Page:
• 6 minutes Trump vs. MbS
  • 11 minutes Can the World Survive without Saudi Oil?
  • 15 minutes WTI @ $75.75, headed for $64 - 67
  • 51 mins Satellite Moons to Replace Streetlamps?!
  • 20 hours US top CEO's are spending their own money on the midterm elections
  • 35 mins EU to Splash Billions on Battery Factories
  • 6 hours U.S. Shale Oil Debt: Deep the Denial
  • 7 hours The Balkans Are Coming Apart at the Seams Again
  • 22 hours OPEC Is Struggling To Deliver On Increased Output Pledge
  • 7 hours The Dirt on Clean Electric Cars
  • 18 hours Uber IPO Proposals Value Company at $120 Billion
  • 8 hours 47 Oil & Gas Projects Expected to Start in SE Asia between 2018 & 2025
  • 20 hours A $2 Trillion Saudi Aramco IPO Keeps Getting Less Realistic
  • 1 day Petrol versus EV
  • 23 hours U.N. About Climate Change: World Must Take 'Unprecedented' Steps To Avert Worst Effects
  • 1 day 10 Incredible Facts about U.S. LNG
U.S. And Europe Divided On The Future Of Oil

U.S. And Europe Divided On The Future Of Oil

Oil majors in Europe and…

Elon Musk Plans First Commercial Flights To Mars

Elon Musk Plans First Commercial Flights To Mars

Despite the headwinds he faced…

James Burgess

James Burgess

James Burgess studied Business Management at the University of Nottingham. He has worked in property development, chartered surveying, marketing, law, and accounts. He has also…

More Info

Chinese Oil Major Sees Itself Forced To Shut Down Oil Fields

China’s oil major Sinopec has responded to the disappointing results of yesterday’s Doha meeting by announcing the temporary closure of four oil fields that have been in production for over 50 years.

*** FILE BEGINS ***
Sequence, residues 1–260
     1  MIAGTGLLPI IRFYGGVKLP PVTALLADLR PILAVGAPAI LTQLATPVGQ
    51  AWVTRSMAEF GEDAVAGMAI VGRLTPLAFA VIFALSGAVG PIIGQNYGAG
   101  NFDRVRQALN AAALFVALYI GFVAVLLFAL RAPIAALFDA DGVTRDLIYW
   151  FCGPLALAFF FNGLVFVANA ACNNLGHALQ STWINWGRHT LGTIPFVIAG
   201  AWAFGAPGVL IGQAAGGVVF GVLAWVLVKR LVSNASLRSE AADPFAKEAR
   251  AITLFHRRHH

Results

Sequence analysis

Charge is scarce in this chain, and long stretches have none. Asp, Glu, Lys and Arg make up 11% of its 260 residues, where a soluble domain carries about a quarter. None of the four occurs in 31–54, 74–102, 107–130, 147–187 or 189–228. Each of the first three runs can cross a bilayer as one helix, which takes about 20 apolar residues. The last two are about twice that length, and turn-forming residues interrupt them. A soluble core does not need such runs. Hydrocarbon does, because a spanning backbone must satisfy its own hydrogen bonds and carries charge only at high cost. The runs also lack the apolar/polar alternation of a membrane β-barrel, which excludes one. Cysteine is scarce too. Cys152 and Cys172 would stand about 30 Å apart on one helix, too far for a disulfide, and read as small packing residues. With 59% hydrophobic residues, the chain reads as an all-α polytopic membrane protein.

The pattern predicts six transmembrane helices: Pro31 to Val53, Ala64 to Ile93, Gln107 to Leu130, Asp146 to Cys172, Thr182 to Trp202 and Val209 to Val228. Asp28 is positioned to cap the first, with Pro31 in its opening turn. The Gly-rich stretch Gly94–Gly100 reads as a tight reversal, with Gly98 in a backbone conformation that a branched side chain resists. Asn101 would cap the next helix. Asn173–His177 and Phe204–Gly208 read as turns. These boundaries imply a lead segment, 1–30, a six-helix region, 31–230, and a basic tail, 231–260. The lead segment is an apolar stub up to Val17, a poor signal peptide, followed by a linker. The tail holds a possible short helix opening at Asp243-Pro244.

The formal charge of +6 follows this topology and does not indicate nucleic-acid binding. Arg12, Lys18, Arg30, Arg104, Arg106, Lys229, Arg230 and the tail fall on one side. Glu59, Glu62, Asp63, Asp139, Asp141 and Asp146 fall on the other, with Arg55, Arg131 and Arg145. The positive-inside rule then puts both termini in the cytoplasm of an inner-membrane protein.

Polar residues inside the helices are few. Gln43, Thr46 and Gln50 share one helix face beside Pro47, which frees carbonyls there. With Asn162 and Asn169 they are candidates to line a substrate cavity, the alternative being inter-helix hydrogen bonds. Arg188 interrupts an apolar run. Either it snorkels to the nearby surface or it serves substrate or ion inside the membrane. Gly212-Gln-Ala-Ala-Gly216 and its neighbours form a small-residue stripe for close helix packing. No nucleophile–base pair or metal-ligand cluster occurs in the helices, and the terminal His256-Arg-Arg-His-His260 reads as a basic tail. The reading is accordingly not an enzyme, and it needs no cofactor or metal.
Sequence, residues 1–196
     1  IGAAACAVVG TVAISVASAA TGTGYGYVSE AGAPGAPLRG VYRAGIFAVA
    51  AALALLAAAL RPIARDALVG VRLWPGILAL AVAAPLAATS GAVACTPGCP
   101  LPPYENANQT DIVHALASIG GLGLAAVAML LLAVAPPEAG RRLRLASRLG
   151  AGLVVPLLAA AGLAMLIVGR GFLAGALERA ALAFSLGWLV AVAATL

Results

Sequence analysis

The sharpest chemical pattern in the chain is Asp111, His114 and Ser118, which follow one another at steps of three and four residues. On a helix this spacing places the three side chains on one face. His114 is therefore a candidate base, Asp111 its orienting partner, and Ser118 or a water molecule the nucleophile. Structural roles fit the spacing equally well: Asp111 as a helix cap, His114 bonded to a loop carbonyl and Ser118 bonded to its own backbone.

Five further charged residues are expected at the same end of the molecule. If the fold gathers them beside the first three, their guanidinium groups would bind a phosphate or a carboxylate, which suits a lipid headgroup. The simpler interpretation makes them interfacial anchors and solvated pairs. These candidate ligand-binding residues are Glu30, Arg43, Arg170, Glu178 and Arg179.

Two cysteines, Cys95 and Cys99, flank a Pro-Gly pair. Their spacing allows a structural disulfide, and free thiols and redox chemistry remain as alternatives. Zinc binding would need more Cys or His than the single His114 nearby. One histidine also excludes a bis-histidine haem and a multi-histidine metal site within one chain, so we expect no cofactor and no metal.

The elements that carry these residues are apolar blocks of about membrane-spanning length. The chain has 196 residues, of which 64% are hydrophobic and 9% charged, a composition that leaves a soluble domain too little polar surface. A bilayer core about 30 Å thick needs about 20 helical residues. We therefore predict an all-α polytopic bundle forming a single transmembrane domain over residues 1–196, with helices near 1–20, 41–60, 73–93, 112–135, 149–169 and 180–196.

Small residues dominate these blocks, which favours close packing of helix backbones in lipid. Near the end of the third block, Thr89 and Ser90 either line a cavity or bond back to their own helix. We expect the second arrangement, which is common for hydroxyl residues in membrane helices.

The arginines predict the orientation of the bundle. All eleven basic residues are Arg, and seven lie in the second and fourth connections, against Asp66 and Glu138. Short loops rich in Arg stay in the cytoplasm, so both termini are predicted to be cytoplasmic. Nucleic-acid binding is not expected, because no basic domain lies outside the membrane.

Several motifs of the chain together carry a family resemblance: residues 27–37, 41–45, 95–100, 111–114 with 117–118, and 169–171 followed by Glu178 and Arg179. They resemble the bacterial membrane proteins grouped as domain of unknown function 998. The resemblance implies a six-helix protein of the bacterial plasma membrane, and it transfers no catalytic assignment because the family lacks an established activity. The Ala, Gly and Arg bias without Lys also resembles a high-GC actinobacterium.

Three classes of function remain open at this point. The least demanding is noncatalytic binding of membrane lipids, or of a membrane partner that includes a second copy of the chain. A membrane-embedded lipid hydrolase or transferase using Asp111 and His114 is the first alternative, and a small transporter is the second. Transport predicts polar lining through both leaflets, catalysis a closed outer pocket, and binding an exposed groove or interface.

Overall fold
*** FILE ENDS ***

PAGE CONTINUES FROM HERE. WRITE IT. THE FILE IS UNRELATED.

Sinopec (China Petroleum & Chemical), the second-largest producer in China and the largest refiner in Asia, will temporarily shut down four oil production projects after Saudi Arabia, Venezuela, Russia and Qatar said they would pursue an anti-climactic freeze on output to January levels.

From the Chinese oil major’s perspective, the freeze to January levels—which still requires agreement from other producers—is not enough to sustain some operations.

Related: OPEC Ups Pressure On Iraq, Iran To Freeze Production

The four sites slated for closure are in the Shengli oilfield in Shandong province, which Sinopec says are among the poorest performers.

With average production costs in China running between $40-$60 per barrel, state-backed producers are suffering major losses, including PetroChina (the largest) and CNOOC.

“At current oil prices, the shutdown could save 130 million yuan (HK$155 million) of costs and reduce losses by 200 million yuan,” the company said on its website.

Related: Oil Production Rumor Mill Continues To Turn As Iran Hints At Freeze

In 2015, Sinopec’s profits declined more than 50 percent, and oil production is expected to further decline this year, by around 2 percent.

Analysts expect an even greater decline.

“Sinopec has been maintaining output in its aging oil fields by over-investing and this is no longer possible in the current oil price environment,” Bloomberg cited Neil Beveridge, a Hong Kong-based analyst at Sanford C. Bernstein, as saying.

Beveridge estimates that Sinopec needs oil to stay above $50 a barrel to break even, and that its domestic production will drop 5-10 percent this year.

For China’s major oil companies, the price slump could lead to sweeping reforms that see them lose exploration licenses to private companies.

By James Burgess of Oilprice.com

More Top Reads From Oilprice.com:


x

Join the discussion | Back to homepage

Leave a comment

Leave a comment

Oilprice - The No. 1 Source for Oil & Energy News